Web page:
The Top Mistakes Developers Make When Using Python for Big Data Analytics

11 Python Libraries You Might Not Know

iPython Notebook Gallery (includes pandas cheat sheet)

D3.js Step by Step

For inspiration, check this index of visualization types for visualizing text

Gestalt Principles for Data Visualization

Advice From Past Competitors
Machine learning best practices we’ve learned from hundreds of competitions – Ben Hamner of Kaggle


What I Learned From The Kaggle Criteo Data Science Odyssey

6 Tricks I Learned From The OTTO Kaggle Challenge

How to use R, H2O, and Domino for a Kaggle competition

Competing in a data science contest without reading the data


Building a Search Engine for Data


I don’t know if you’ve heard, but last month we built a search engine that is currently indexing open data sites around the world.

In the current startup ecosystem, that¬†seems so retro. We’ve all basically accepted Google as our lord and master, the tastemaker to end all tastemakers. Why bother investing time and energy when you will never be able to compete with such a dominate player?

But as anyone who has dipped their toes in the waters of SEO will tell you, Google’s algorithms judge quality by making a bunch of core assumptions about what useful internet content is supposed to look like. These assumptions over emphasize pages with lots of high quality text (blogs) and under emphasize pages with duplicate structure and low amounts of text (like … for example, catalogues).

That means using Google to try to figure out which open data site has the data you need is practically impossible. Suppose you are a reporter¬†living in Brooklyn trying to find data on animal sacrifice (hey it happens), such data undoubtably exists either through 311 calls or police reports but the question is where do you look for it? You could search¬†the national level through, the state level through, on the city level through NYC Open Data, or you could search any number of repositories run by informal local initiatives such as BetaNYC’s data repository.

But that assumes that you know that any of those sites exist in the first place.

And here’s what would happen if you ran those searches:

–’s search returns no results for “animal sacrifice”

– returns data on the number of horses injured or killed at racetracks

– NYC Open Data returns the Brooklyn Public Library Catalogue (wtf?) and a mysteriously named “Multiagency Permits” dataset.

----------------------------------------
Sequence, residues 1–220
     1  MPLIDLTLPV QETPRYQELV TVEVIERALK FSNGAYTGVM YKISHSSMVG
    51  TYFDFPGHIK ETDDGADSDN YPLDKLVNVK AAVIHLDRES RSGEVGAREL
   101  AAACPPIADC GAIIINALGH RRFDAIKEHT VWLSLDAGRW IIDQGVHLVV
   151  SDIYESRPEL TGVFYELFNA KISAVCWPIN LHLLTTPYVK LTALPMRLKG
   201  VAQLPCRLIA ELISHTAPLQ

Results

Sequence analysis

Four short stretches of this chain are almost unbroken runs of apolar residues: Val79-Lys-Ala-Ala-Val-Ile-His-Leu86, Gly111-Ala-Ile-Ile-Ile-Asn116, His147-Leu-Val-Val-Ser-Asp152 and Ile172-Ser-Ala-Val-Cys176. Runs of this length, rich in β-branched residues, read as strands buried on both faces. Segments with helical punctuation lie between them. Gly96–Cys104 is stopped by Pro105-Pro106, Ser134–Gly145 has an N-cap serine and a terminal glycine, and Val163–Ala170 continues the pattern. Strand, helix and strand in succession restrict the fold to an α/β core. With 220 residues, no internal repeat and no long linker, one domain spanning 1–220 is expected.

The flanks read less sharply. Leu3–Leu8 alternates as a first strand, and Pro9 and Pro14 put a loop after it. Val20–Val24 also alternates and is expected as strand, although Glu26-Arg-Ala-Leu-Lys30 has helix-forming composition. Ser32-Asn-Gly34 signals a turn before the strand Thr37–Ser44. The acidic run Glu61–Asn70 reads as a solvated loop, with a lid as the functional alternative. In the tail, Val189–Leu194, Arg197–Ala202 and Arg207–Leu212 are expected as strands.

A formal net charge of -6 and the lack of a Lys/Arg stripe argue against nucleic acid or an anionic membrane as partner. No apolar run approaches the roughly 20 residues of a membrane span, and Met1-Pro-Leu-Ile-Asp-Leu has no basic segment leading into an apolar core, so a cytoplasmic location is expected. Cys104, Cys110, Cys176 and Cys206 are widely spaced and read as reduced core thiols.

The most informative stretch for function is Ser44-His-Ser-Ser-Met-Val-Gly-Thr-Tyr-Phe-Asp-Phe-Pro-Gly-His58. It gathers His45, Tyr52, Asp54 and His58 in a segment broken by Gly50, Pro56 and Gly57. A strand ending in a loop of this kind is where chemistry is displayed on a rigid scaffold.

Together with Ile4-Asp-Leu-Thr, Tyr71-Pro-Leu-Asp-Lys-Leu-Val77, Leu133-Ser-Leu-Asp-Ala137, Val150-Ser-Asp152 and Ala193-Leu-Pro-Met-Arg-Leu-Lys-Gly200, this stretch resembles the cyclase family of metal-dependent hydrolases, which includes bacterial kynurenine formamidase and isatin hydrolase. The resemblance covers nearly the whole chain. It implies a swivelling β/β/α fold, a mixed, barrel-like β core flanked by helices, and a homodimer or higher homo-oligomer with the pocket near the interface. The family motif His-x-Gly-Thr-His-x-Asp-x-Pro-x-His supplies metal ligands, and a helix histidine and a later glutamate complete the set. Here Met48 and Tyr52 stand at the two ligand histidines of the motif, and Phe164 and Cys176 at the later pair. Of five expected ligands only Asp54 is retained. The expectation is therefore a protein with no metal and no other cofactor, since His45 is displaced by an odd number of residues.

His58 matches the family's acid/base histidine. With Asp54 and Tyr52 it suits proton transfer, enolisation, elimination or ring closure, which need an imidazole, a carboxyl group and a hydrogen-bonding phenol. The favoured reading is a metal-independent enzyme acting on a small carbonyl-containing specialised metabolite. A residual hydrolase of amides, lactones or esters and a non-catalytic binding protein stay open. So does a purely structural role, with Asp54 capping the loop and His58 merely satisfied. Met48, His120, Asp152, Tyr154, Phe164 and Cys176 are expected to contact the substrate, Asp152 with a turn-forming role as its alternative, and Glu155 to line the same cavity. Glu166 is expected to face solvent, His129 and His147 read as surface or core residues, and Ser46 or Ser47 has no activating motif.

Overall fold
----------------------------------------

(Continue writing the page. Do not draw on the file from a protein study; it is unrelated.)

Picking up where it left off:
– BetaNYC returns no results for “animal sacrifice”

Exversion’s search engine returns reports from animal services, animal shelters, animal care enforcement, etc. And the best part is most of this data links back to … the first site we searched that told us it had no data that fit our query.

Building a Search Engine is Hard

Building search engines isn’t just passe, it’s freaking hard. And gets infinitely harder the more the web grows. The processing power required to crawl, essentially downloading and parsing billions of documents is pretty intense. Then storing that data, indexing it and running queries over those billions and billions of documents requires more resources than most startups can manage. Even with valuations swelling up like they are.

It’s not easy. It’s no longer the low hanging fruit that it was in the nineties when the web was smaller with fewer devices generating content.

Fortunately for us we only need to crawl a very specific subset of the web, which means we can slash the resources needed to complete this task by making a few specific assumptions:

  • The information we want is hosted on specific sites
  • These sites have a common API and structure
  • New information is not added to these sites on a daily basis and old information is rarely if ever updated

Anyone with a computer can create content Google might want to index. Not everyone can run an open data portal. Likewise the number of companies that provide ways of publishing content on the internet is infinite and increasing exponentially while the number of companies providing ways to publish data are only a handful. And of that handful there are two major players who dominate the market: Socrata and CKAN.

All Socrata instances come with a sitemap. It’s not obvious where this is but their robots.txt will give you the link. From there we just careful follow each link and scrape the title and description from each listing of data. It works well because this is what sitemaps are designed to do.

CKAN makes it even easier because CKAN has a pretty decent API. One of the endpoints allows the user to search through the data available on that instance. It requires no authentication and if you don’t provide a query it will return …. well everything.

Even better package search returns all the metadata. So with pagination we can scrape hundreds of thousands of datasets in minutes.

Outliers, Special Snowflakes, and Scrapers As Service

Of course not EVERY site uses either Socrata or CKAN. Most of the world’s open scientific data is on proprietary platforms, Most of the world’s open Geodata is on GeoNode instances. Before we could consider the challenge completed we had to figure out a way to handle sites that didn’t share a standard structure.

I’m awfully fond of Scraping As Service because I’m really not fond of writing individual scrapers every time I need to grab data from a site. But as useful as they are, these companies always seem to have a hard life. ScraperWiki decided they make more money from consulting and closed down their interface for individual devs. raised venture funding and inexplicably stopped working. 3Taps curates what they will scrape. 80legs tends to accidentally DDOS sites.